Mass protests against Georgian President Mikheil Saakashvili have failed to gain traction, unlike the “Rose Revolution” of 2003 that put Saakashvili in power. Back then, Saakashvili’s supporters carried flowers — today, his opponents throw cabbages and carrots.
Matthew Collin reports for Al Jazeera from Georgia, and writes in the “Frontline Club” blog to explore why the protesters’ message is not resonating this time.
‘Cabbage Revolution’ Wilts
Under stony skies, a dirge-like ballad droned from the speakers outside the Georgian parliament: an appropriate soundtrack for the seventh day of opposition protests in Tbilisi. A series of opposition leaders was greeted by polite applause as they raged against Mikheil Saakashvili, the president who has refused to offer them his head on a pike. It started to drizzle; those who had umbrellas raised them. “All Georgia is here!” declared one optimist from the stage. It was not. These few thousand, or a good proportion of them, were the opposition’s hardcore perennials; the people we’ve become accustomed to seeing time and again at protests here down the years – the unemployed, the pensioners, the dispossessed and the desperate, chewing on sunflower seeds, spitting the husks, and smoking.
Despite what the Moscow propaganda channel Russia Today is saying today (“Sleepless nights for Mikheil Saakashvili”), the president has weathered the initial threat of political destabilisation, although – this being Georgia, where politics is often like theatre, played out on the street – there will undoubtedly be more to come in the future. In a small country with big problems, the next crisis is always around the corner…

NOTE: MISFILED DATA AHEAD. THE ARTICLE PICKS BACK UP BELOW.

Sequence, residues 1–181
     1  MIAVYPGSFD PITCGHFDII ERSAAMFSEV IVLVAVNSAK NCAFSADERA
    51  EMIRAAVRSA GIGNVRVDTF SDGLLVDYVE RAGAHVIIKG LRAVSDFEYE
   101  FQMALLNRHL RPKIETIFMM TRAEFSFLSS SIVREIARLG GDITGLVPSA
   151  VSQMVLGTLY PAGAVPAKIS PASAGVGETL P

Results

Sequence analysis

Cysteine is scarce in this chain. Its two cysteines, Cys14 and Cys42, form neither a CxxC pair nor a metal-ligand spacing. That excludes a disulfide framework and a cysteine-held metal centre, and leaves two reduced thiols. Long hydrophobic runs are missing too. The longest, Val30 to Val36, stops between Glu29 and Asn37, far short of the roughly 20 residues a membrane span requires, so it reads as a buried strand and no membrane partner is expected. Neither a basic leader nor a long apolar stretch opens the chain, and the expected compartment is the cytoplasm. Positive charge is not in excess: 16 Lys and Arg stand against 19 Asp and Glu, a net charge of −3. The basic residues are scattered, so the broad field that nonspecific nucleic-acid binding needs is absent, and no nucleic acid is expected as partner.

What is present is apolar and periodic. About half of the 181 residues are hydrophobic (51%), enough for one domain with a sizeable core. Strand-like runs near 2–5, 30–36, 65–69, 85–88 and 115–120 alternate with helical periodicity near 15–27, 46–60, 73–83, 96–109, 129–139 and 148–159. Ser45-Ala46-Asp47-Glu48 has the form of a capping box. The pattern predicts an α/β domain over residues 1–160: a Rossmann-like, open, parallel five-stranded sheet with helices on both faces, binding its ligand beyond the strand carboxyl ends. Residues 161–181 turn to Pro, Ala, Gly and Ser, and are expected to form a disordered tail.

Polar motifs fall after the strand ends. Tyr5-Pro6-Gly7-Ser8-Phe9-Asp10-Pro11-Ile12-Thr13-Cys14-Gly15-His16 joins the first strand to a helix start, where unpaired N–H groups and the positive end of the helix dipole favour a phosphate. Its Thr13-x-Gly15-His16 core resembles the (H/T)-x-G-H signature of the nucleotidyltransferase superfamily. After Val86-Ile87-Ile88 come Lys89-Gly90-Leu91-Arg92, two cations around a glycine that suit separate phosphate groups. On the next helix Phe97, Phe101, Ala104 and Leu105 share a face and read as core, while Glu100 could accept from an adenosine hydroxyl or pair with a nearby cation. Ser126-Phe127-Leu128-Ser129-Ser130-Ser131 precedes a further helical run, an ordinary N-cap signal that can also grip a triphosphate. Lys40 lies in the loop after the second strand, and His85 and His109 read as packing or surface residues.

Why has the opposition so far failed to rock the Saakashvili regime to its foundations, to send him running like the ‘scared rabbit’ they accused him of being as they lobbed carrots and cabbages over the gates of his presidential palace? Many analysts are marking this failure down to superior state strategy and cunning – the decision to let the demonstrators rally wherever they wanted, and not send in the riot police to crack heads, as Saakashvili did in November 2007, shattering his Western media image as democracy’s US-educated honour student.
The low-key policing massively reduced the chance of violent confrontation; a brief late-night altercation at the weekend showed how quickly tempers could flare. The president and his advisers seemed to be hoping that people would simply get bored and go home if there were no ‘provocations’ to stoke their ire and passion, and so far, that is exactly what seems to have happened.
Some correspondents have also suggested that a significant number of Georgians simply don’t trust the opposition – a fragile and sometimes fractious alliance of liberal democrats, belligerent nationalists, conservatives and street-corner populists – to do any better at running Georgia than Saakashvili. Some of the current opposition alliance are former regime insiders who’ve defected and now despise their former boss and all his works (which of course they once praised); others are the kind of veteran authority-baiters who would probably demonstrate against themselves if they ever came to power.
But that’s not the whole story; there is significant level of discontent here, as a Gallup opinion poll today suggests, but there’s also a sense of fatigue; weariness with the constant political turmoil of the past couple of years – street rallies, then elections; street rallies, then more elections; more street rallies, then the war with Russia, and now street rallies again… For some people, even if they have grievances with this regime, there has simply been too much politics recently.
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